Thursday, July 18, 2019

Starting out with ESXi 6.7 Update 2

Following on from my purchase of a HPE Microserver G10, I got to work installing ESXi 6.7 Update 2 on a 32GB USB stick installed into the internal USB port.

I connected a CDROM drive externally and burnt off the ESXi 6.7 update 2 ISO to boot from CD on the server:

The system boots from the CD and loads the installer:

Here is the installer, ready to start:

As covered in my previous blog post, I created a RAID10 array on the G10 of 4x4TB SATA disks. This is not permanent as I plan to purchase a NAS soon, but allows me to get started with using the server.

You can see the disks and also the 32GB Samsung USB stick at the bottom, which is where I plan to install ESXi 6.7:

The install gets underway and doesn't take long to complete:

I removed the CD drive and after the system reboots I went to the BIOS to change the boot order to use the USB stick first:

With that done, the server boots off the USB stick to run the ESXi Hypervisor on my new server - exciting!

With the ESXi hypervisor launched on the server, I can now connect to it from my Mac to get started configuring it. I have always used the Windows VSphere client in the past, but now VMWare has 100% migrated to the web client I am now using that:

After logging in with the username and password supplied during the installation, I now get the view of the new server:

By default ESXi is in eval mode and we need to add a license key to use it permanently.
I got a license key for the free hypervisor version via the MyVMWare portal so I could activate this installation:
With the activation done, I moved on to connecting the RAID10 array hard disks in the Microserver to the ESXi environment so I can create Virtual machines on it.

With RAID10 we end up with a bit over 7TB of usable space for our VM Datastore:
I use the whole lot at this stage - as mentioned earlier it is not permanent to have these disks in this server and I will blow away anything I create soon anyway:

So with the Datastore1 created, VSphere web client now shows the new Datastore formatted with the latest VMFS version and now ready for use:

Next I reviewed the network settings - the default VM Network is active, with only one of the two ethernet NIC's connected at the moment. I have plans to connect the other to an iSCSI port group/virtual switch network to have a dedicated separate iSCSI network to connect to the NAS when I get it:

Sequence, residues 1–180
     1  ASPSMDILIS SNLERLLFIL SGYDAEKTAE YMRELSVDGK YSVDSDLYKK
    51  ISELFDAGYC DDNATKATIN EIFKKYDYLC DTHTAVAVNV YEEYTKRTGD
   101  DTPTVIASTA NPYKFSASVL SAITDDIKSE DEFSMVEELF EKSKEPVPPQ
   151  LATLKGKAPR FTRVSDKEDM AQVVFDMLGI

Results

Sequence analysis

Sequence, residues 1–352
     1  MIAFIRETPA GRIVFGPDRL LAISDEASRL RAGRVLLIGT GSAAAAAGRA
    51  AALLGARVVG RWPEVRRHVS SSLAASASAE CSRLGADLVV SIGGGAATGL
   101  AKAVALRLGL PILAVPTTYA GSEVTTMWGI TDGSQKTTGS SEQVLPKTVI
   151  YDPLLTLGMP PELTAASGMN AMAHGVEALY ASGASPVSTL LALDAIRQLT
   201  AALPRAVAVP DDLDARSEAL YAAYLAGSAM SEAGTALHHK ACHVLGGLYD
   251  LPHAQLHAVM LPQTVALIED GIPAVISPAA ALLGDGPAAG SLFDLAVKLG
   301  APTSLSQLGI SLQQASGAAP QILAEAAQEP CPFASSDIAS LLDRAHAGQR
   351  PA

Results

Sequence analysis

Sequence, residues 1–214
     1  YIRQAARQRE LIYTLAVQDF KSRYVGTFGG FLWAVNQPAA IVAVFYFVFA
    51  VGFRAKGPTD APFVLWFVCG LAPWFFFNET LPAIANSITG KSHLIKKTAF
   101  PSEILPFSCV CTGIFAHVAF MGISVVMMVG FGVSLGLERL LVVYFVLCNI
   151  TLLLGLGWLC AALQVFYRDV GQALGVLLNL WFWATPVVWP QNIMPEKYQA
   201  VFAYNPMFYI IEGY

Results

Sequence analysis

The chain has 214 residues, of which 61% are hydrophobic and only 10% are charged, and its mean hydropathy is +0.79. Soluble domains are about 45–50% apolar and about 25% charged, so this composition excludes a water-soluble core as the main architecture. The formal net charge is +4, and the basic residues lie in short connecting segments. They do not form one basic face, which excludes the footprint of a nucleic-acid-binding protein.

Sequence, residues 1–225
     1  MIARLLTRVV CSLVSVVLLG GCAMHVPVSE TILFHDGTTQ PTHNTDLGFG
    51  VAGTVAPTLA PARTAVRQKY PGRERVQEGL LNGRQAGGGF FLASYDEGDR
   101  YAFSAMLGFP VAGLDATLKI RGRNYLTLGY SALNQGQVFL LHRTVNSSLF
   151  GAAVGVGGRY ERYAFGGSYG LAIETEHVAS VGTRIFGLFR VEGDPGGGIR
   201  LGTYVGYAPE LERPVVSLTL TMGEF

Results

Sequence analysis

I browsed the datastore to create a folder for ISO's so I could transfer Windows Server and other ISO's for building VM's in this environment.
I then take the ESXi host off the default DHCP addressing and give it a static address.

The hostname is set to the MAC Address so I want to fix that too:


The machine is at a point where I can play with some VM's!

I got onto installing Windows Server 2019 from the ISO, which I downloaded from Microsoft and uploaded to the ISO folder I created on the Datastore. This is all done from the VSphere web client.

I am creating a Windows Server 2019 VM, so I select the profile for that in the VM creation wizard, so it will set the recommended default machine configuration (memory, hard disk, cpu, etc)

Wow, if I am feeling nostalgic I can build a Windows NT4 box, or even Windows 3.1 or MS-DOS 6.22! Maybe I will at some point :-)

With Windows Server 2019 you now have Windows Virtualisation based security, which is supported under ESXi 6.7 update 2 and can be enabled if required.

I then adjust the settings to add the CD Drive ISO link to the Windows Server 2019 media so it will boot from it - don't forget to click on Connect though otherwise nothing happens!

With the newer Window server version like 2016 and 2019 they now REQUIRE UEFI secure boot, which is natively supported in this ESXi version. This is a change for me, as normally the operating systems I deployed run on (what is now called) legacy BIOS firmware. Time moves on!

Ok, ready to complete the VM Creation:

Here is the new VM, powered off:

If you forget to mount the ISO, you can still do so prior to power on by editing the VM settings:

Again, don't forget to click on Connect afterwards or it won't be connected at power on.

I can now power on and view the console to see what is happening and interact:

Success! I can now install Windows Server 2019 on my newly created VM:

I am just using this in eval as Windows Server 2019 Standard version with no intention to activate it - just wanted to try it out:

With the install completed I now have a Virtual Machine I can use on my new ESXi server!

My ESXi 6.7 update 2 installation is done, and the new (temporary) server based datastore and network configured, with a test VM created and running on the new Microserver G10!

This seems like a good point to end this blog post. I will continue the build work in the next post as I have more hardware to buy and add to create my intended home lab setup.

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